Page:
Thousands turn out to support Trump in Hartford

Locals turned out in Hartford on Friday at a political rally for Donald Trump. Candidates turned their attention to Connecticut with the April 26 Presidential primary approaching.

Locals turned out in Hartford on Friday at a political rally for Donald Trump. Candidates turned their attention to Connecticut with the April 26 Presidential primary approaching. (Photos by TAYLOR HARTZ)


Presidential Republican hopeful Donald Trump spoke to his throngs of  local supporters on Friday, filling the Connecticut Convention Center in Hartford.

Posters filled the air with the phrase “The Silent Majority Stands with Trump” as the leading Republican candidate took the stage. Trump said his following has turned from a silent majority to “a big loud majority.”

“We’re going bring our jobs back. They’re being sent to Mexico,” said Trump. “We’re going to build a wall, and Mexico is going to pay for it.”

Trump%20(6%20of%2015)[1]Trump spoke about a loss of manufacturing jobs in the state, citing a 30 percent decrease since 2000. He criticized the recent announcement by General Electric that their headquarters will relocate from Fairfield to Boston.

“If I were governor, we wouldn’t be losing General Electric,” said Trump of the move that will cost the state hundreds of jobs. “If I’m elected President, we’re bringing our companies back and bringing our jobs back.”

Southington native and Plainville resident Marie LeBrun said she attended Friday’s rally “to hear what Mr. Trump had to say for himself,” and liked what she heard.

“I thought it was great,” said Lebrun.

A Southington resident for more than 20-years, Lebrun said that although she is registered as neither a Republican nor Democrat, she plans to vote for Trump if he is the GOP candidate.

“I got to hear him talk about bringing jobs and companies back to Connecticut,” she said, and “about handling the illegal immigration problem we have.”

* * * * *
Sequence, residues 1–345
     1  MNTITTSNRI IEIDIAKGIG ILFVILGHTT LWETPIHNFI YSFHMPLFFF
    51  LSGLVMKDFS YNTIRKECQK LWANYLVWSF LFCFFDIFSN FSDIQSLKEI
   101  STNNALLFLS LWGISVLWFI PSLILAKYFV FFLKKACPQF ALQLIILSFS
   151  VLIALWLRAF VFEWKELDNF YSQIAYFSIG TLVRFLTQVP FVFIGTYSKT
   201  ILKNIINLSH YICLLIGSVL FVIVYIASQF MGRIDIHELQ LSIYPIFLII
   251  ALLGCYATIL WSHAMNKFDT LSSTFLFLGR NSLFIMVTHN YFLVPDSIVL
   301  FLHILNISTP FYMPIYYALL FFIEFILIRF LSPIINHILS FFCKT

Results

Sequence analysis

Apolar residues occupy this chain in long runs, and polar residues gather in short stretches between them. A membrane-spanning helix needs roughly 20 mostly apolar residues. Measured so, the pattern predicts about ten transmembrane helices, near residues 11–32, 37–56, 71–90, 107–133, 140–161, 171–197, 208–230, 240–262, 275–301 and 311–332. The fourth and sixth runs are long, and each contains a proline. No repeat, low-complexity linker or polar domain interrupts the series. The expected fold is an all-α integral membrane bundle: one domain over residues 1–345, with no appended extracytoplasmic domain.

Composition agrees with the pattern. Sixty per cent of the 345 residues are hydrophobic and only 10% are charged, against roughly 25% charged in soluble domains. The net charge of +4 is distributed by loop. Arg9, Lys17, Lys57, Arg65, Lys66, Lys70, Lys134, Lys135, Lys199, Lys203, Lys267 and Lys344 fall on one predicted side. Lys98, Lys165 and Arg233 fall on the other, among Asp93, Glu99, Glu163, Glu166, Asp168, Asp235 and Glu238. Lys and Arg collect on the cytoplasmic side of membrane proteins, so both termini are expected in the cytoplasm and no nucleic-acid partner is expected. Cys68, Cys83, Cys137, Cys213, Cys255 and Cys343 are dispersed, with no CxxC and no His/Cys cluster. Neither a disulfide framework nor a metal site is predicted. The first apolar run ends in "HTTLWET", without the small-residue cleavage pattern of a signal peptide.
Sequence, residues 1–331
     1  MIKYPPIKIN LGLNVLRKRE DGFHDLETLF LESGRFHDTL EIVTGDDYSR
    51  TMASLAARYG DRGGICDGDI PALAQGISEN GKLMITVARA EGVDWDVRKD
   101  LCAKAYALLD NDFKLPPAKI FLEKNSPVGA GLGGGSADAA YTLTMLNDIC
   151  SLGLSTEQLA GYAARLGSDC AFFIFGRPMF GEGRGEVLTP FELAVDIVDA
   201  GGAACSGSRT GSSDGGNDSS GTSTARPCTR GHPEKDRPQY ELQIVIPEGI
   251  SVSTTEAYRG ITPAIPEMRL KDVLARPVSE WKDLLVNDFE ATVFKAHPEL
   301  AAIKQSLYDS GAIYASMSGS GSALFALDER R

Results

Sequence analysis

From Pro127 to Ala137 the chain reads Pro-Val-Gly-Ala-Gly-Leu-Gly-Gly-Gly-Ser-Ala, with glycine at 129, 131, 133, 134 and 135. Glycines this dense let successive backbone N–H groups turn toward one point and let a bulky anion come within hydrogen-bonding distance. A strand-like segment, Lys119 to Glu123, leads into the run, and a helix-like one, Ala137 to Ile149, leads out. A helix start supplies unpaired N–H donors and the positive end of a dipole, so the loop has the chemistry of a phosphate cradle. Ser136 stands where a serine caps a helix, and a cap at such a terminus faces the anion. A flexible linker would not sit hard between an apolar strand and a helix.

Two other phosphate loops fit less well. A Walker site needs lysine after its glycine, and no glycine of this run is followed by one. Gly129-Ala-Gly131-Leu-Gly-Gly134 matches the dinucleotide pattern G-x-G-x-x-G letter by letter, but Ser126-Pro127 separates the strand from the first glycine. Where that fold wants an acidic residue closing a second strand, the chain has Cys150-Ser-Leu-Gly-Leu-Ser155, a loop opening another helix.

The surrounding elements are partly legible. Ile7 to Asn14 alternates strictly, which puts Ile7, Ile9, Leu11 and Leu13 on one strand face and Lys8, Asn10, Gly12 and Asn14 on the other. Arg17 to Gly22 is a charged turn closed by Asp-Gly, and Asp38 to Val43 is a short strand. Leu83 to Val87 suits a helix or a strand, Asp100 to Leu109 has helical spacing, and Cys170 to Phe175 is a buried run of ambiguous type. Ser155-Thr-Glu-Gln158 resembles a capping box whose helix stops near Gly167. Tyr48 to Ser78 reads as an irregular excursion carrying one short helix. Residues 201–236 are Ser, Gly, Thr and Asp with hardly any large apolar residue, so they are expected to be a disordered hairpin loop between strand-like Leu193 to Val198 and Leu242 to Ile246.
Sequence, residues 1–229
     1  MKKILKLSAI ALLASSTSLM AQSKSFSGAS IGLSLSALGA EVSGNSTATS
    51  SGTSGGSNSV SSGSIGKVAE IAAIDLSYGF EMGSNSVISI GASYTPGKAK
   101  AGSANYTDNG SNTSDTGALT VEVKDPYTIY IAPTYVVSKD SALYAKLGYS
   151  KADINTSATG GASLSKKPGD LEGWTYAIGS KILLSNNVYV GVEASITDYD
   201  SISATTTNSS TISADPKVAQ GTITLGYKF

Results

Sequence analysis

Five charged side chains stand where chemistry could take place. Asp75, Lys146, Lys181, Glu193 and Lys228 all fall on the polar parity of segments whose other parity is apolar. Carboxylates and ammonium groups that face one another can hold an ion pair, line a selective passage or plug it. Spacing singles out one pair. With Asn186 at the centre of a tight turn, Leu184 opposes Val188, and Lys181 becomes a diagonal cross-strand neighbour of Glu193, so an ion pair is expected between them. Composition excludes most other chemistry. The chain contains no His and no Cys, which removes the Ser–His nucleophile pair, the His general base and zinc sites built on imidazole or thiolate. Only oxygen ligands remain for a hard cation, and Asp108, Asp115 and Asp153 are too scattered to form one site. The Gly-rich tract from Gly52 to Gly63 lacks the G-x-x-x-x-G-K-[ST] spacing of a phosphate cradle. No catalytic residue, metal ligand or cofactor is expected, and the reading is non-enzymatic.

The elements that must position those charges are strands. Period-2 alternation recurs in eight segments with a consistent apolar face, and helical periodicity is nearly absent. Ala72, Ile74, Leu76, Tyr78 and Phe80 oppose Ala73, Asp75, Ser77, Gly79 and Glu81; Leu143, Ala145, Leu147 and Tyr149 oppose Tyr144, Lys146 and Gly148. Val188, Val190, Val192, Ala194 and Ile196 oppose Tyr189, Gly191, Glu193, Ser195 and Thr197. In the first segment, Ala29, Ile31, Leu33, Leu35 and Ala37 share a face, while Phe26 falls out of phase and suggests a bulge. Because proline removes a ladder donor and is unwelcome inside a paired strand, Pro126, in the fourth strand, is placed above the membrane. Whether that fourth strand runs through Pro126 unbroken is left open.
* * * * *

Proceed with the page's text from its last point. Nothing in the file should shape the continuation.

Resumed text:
While thousands cheered for Trump, a select few spoke up in opposition during his speech, with security removing nearly 20 protesters from the rally.

Lebrun said she was “a little apprehensive about going at first” due to violent protests at other rallies, but said she did not witness any violence.

Outside the convention center, scores gathered to speak out against the GOP candidate. Protesters converged on the streets and sidewalks to show support for other candidates, or to criticize Trump’s platform.

Trump%20(9%20of%2015)[1]Bristol resident and registered Democrat Brandon Hazleton said he stood outside with protesters on Friday night. Rather than holding a sign or chanting, Hazleton said he was “observing and engaging in conversation,” in hopes of understanding how Trump supporters planned to “make America great again.”

“Unfortunately the attempt to have a civil conversation led to a few threats,” said Hazleton.

Hazleton, who changed his voter registration from Independent to Democrat to support Vermont’s U.S. Senator Bernie Sanders (D), in the primaries this year, said he saw a few Trump supporters “lose their cool.”

There were also those in attendance who waved signs of support for Sanders or Hillary Clinton.

Trump%20(8%20of%2015)[1]Inside the center, Trump called Clinton “a disaster” and “a joke”, and said Sanders is “basically a communist.”

With the state primaries approaching on April 26, Trump urged supporters to show their support for him at the ballot.

Trump said to his supporters that if he wins the Republican nomination, “You will look back in a few years and say that was the best vote you ever cast,” said Trump, “Because that’s when America became great again.”

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